Tax Information: What Is Irs Section 691?

Learn about income in respect of a decedent (IRD) and how the deduction allowed in IRS Section 691 can help preserve assets and save thousands.

Section 691 of the Internal Revenue Code deals with income in respect of a decedent (IRD). This occurs when income is accrued, but not yet distributed at the time of death of the decedent. Income in respect of a decedent assets can include, but are not limited to: deferred compensation, qualified retirement plans, accrued interest, stock dividends, contract receivables, and gains on installment sale contracts. There are three possible recipients of this income: the decedent's estate, a named beneficiary, or a beneficiary who receives the amount by bequest, devise, or inheritance after a distribution by the decedent's estate. The income is not reported on the decedent' s final tax return, but rather should be included in the gross income, for the taxable year when received, of the recipient of the income. It should however, be included in the decedent's gross estate for estate tax purposes (IRC Sec. 2033). In the case of a sale, if the IRD represents a gain (ordinary or capital), the recipient may utilize the decedent's basis to offset the gain. The basis does not step up to the fair market value at death, even though the IRD is included in the gross estate.

Subsection (c) allows for an often overlooked deduction that can help save thousands if used properly. Business expenses, interest, income production expenses, and taxes owed by the decedent, but not allowed on the final form 1040 can be deducted by the estate in the tax year paid. Likewise, if a beneficiary receives income from a decedent and is obligated to pay any of these expenses, they're deductible as well. The full amount of income is taken into gross income as received, but the recipient is allowed to deduct the federal estate tax paid that is attributable to the IRD. With proper planning, this valuable deduction can protect the recipient from the double taxation of the estate tax and income tax immediately upon the decedent's death. The income tax effect can be further reduced with certain assets such as IRA's if the individual beneficiaries are allowed to minimize withdrawals over their life expectancy. This allows more of the asset to continue to grow tax-deferred because there is a smaller amount being distributed each year.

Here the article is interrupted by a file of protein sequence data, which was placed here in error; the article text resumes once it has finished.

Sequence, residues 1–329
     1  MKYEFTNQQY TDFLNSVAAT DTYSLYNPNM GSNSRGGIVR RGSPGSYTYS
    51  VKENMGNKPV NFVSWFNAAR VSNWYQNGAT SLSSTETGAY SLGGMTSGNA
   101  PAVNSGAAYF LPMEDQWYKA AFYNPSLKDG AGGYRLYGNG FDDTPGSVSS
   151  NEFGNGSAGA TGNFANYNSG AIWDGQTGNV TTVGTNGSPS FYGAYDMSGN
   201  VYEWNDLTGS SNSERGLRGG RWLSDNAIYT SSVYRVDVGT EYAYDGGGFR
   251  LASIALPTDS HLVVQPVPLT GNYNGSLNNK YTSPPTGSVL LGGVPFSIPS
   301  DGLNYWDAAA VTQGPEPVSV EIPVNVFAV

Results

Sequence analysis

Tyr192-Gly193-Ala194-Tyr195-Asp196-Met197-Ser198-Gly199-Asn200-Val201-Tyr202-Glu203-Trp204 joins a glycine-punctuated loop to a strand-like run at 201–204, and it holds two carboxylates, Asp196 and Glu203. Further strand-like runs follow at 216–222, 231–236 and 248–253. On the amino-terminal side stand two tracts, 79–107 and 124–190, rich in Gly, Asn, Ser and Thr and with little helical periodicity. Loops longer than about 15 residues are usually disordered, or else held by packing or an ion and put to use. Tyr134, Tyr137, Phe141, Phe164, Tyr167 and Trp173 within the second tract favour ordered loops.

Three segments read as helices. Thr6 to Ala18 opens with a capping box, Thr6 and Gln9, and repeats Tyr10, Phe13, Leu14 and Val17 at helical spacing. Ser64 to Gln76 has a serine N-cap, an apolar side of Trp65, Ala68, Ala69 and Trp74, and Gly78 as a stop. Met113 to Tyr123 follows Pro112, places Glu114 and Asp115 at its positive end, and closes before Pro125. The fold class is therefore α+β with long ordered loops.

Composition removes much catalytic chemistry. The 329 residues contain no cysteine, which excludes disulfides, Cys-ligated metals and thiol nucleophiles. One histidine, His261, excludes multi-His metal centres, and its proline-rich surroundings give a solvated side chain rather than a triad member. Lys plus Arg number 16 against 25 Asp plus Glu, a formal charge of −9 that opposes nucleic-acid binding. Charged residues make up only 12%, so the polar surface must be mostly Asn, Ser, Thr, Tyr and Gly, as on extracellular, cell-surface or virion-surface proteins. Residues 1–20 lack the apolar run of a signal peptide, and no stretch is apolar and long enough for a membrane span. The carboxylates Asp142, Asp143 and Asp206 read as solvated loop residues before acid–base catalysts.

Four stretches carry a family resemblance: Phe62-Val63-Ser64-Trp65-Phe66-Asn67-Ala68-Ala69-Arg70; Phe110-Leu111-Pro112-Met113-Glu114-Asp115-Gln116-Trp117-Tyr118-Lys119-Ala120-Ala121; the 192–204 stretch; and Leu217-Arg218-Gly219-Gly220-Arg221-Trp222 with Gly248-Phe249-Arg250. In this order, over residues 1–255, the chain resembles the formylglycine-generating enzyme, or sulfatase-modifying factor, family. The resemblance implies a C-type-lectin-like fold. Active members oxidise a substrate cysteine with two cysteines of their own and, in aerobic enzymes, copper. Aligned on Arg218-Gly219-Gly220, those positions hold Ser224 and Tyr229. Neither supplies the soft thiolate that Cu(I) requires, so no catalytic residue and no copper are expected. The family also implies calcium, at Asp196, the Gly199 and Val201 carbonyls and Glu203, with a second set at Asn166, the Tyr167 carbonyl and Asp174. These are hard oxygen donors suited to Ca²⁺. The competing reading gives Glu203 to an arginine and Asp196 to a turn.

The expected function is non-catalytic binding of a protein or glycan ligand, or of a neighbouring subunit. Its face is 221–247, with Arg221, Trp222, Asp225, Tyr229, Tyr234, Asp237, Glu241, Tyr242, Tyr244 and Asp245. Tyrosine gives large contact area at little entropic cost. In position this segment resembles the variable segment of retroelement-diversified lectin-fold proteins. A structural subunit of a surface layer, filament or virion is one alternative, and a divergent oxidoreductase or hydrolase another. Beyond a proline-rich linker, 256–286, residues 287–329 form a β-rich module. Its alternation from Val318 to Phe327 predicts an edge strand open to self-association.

Where beneficiaries can preserve the most out of the asset, however, is to successfully utilize the IRD income tax deduction. For example, assume you were to inherit a $1 million IRA from a parent who has a $2 million estate. The estate tax would be calculated with all the taxable assets, including IRD assets such as the IRA. Depending on certain factors, the estate tax would come out to about $900,000. You then calculate the estate tax excluding the $1 million IRA, which will come out to roughly $480,000. The $420,000 difference represents the maximum IRD income tax deduction that can be taken with regards to the IRA. Because IRA payments are spread out over time, the maximum deduction is also spread out over that same period. The deduction can also be carried over to an heir if not fully used in your lifetime.



Section 691 provides an extremely valuable deduction that can significantly preserve estate assets, but it is important to follow other key steps that are essential to maximizing the result. The correct beneficiary and minimum distribution designations must be made along with a minimum distribution plan. It is also very important to properly fund for the inevitable estate tax through life insurance and gifting.

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